I am really pleased to be here with you today. I’m going to take a few questions, so if any of you would like to

think of a few questions that would be good. But most of all I’m really thrilled to be with Helen and particularly with

Phil Barresi. As Phil said, we were colleagues in the Parliament for 11 and a half years. I think that while the

former government wasn’t perfect, it was a good government and it was great to have Phil’s comradeship in the

Parliament all that time.

Phil is someone who gets results. If it hadn’t been for Phil’s work we would not of had the Springvale level

crossing fixed up, here in this area. If it hadn’t been for Phil’s constant lobbying, the Scoresby road - I don’t call it

a freeway because it’s not a freeway sadly. It is a tollway and it shouldn’t have been a tollway. It should have

been a freeway and it would have been a freeway if Phil had had his way. Unfortunately it’s a tollway because the

Victorian Government is very good at taking money from the Commonwealth but not delivering on what it is

supposed to deliver on.

But look for Phil to go back in to the Parliament after he had left, after he had resumed a successful career

outside of the Parliament shows that this is a man of great public spirit who is deeply committed to serving the

people of Deakin and I think its fantastic that you have got him as a candidate for the next federal election. I am

pleased to see so many people here in this room who are prepared to give him help and support. Thank you very

much indeed.

Okay now ladies and gentlemen, politicians should not be allowed to get off scot free. This is your chance to put

us on the spot.

QUESTION:

[Inaudible] on a constant basis that we have an $80 billion debt, can you extrapolate that $80 billion because it

sounds very similar to $80 million and tell the folks it’s not $80 billion, its $80 thousand million? So people really

understand the breadth of the debt. Eighty thousand million. Spell it out for them.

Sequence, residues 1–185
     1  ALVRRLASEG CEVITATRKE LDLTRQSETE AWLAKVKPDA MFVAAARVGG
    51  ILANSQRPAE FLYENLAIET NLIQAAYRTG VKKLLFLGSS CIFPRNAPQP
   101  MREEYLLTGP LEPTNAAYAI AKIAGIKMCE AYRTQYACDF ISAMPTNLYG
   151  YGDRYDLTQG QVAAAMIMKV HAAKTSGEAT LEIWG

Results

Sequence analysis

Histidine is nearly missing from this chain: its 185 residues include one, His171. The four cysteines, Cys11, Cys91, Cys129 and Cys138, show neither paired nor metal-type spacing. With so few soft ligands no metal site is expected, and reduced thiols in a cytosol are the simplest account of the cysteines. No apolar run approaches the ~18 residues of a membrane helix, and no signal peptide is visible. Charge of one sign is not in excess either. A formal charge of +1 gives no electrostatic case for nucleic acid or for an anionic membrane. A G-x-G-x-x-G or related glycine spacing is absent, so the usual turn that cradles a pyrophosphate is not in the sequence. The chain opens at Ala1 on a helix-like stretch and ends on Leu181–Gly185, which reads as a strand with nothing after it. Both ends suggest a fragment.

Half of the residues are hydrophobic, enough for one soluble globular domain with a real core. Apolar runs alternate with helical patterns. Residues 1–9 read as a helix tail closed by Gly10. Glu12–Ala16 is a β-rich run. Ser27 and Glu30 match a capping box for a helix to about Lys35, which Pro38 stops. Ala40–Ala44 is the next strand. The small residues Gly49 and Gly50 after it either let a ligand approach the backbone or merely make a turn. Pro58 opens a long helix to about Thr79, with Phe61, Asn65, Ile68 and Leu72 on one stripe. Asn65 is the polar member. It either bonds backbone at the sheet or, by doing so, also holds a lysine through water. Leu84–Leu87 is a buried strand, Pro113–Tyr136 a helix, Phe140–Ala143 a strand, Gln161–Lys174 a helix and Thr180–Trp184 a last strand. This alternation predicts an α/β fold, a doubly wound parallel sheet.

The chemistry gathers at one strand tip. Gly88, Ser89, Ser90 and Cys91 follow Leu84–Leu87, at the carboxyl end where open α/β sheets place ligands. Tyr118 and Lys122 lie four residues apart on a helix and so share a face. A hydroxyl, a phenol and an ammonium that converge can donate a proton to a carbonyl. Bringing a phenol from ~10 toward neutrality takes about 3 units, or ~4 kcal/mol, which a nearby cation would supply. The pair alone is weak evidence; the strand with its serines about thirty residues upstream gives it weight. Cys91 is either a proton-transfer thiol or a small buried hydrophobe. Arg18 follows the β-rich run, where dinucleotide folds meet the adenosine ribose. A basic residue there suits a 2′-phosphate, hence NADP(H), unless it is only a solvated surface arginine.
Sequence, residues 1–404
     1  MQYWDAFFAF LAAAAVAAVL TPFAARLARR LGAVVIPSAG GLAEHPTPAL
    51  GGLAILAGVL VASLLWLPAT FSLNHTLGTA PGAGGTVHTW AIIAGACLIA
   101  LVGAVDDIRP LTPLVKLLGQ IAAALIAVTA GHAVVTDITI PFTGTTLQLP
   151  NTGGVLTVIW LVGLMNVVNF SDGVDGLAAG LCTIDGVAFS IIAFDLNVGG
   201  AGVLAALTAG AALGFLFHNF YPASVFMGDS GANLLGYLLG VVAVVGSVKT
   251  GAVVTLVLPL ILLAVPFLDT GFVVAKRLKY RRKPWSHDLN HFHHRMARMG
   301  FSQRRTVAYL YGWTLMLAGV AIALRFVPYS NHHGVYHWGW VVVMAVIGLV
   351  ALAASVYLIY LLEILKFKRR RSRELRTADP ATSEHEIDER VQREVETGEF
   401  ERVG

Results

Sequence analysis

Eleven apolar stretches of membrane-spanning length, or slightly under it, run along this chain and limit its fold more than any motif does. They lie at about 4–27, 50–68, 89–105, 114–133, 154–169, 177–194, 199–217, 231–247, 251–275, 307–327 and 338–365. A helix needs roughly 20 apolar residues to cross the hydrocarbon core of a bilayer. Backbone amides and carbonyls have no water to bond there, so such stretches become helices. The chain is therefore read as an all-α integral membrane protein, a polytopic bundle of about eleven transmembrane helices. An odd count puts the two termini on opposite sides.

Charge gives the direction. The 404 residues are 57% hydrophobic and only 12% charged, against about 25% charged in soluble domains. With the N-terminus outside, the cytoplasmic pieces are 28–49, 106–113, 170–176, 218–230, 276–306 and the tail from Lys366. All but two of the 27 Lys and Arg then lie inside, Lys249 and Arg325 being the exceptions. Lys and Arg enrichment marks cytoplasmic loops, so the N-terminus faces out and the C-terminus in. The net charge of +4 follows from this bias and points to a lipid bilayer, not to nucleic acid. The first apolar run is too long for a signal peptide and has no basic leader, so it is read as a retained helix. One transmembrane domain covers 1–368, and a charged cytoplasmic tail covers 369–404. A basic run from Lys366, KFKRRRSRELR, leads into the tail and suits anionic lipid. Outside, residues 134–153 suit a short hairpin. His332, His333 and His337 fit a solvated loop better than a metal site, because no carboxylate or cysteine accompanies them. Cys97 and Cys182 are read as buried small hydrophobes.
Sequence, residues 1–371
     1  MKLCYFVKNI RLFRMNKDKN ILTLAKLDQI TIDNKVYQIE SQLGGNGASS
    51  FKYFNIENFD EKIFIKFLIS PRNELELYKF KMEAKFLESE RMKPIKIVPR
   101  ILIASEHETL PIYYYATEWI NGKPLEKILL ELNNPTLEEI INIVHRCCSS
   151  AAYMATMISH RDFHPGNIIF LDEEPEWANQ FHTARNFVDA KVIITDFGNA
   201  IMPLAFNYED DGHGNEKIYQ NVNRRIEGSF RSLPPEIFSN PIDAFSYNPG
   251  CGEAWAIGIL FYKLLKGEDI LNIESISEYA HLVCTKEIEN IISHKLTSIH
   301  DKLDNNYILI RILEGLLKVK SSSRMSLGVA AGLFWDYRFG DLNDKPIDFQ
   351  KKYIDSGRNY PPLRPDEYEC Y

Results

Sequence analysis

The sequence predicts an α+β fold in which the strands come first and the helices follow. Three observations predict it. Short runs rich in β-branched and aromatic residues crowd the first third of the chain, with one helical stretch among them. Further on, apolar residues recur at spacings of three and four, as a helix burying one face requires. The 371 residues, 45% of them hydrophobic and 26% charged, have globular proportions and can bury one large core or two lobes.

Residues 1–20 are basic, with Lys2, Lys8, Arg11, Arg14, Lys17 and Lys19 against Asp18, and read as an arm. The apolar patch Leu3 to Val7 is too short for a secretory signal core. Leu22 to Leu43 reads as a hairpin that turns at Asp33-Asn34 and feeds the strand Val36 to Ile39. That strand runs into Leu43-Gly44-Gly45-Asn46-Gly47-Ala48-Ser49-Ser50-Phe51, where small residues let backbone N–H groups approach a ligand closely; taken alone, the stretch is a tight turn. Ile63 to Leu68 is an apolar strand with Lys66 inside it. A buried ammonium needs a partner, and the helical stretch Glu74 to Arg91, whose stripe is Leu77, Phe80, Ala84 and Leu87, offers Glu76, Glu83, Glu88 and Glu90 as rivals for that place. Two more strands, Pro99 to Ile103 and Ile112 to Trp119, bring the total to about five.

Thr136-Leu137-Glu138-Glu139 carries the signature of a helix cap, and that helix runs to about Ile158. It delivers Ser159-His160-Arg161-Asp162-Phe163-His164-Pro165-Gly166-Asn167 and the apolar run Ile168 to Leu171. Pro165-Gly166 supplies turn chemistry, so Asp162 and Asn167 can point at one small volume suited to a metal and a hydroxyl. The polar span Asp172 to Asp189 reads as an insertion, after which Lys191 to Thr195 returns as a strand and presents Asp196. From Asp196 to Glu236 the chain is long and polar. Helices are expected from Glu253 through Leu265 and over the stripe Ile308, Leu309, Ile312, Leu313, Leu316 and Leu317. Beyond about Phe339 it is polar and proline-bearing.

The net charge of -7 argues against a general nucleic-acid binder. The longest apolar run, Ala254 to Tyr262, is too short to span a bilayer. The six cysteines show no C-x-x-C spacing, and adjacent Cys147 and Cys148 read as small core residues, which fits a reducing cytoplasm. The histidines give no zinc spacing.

TONY ABBOTT:

And its $4,000 for every man, woman and child in this country and it’s a debt that didn’t exist, that didn’t exist two

years ago. John Howard and Peter Costello, over 12 years, they eliminated $100 billion, a hundred thousand

million dollars, and within 12 months Kevin Rudd had racked up an even bigger debt. And look, I don’t want to as

I said make too many party political broadcasts here, but I’m afraid Peter you’ve invited me to trespass into this

territory and I don’t want to let you down. But look, it is disappointing that all of that fiscal prudence so

painstakingly implemented over 12, in some respects difficult years, was blown in less than 12 months and that’s

very, very sad. And this is why I think the public is starting to ask themselves the question: can you trust Kevin

Rudd with our money? It’s not his money, it’s not the Government’s money, it’s the people’s money and it can’t

be mishandled.

And the thing that I dislike about so many of his so-called stimulus measures - and we all want to see better

schools, we all want to see better infrastructure - but so much of the money seems to be wasted. I mean there’s

$15 billion going into schools and the local schools have gotten almost no say over the detail of what it is, which

is why so many are being forced to accept a second hall or being forced to accept new classrooms for old

classrooms that were perfectly good classrooms. But the thing about it is that we seem to be getting about $8

billion bucks worth of value for $14 billion worth of spending, which is fourteen thousand million dollars worth of

spending, which isn’t so good.

Yes, ma’am?

QUESTION:

Bernice [inaudible]. Mine isn’t a question. I just want to thank you for stepping up and stopping that ETS

legislation.

TONY ABBOTT:

Bernice, just on that subject, as you know, we came close to a fundamental mistake on this one and we were

recalled to our principles of low tax, small government and economic freedom by people like yourself, Bernice,

because my colleagues and I were just deluged with phone calls, with emails, with letters in the weeks leading up

to this ballot, and I think thank God we heeded the message of grassroots Australia. Thank God we heeded the

message that the job of an opposition is to scrutinise and to hold to account and where necessary to oppose

ferociously what isn’t in the best interests of our country. We were in danger of forgetting that. Yes, sir?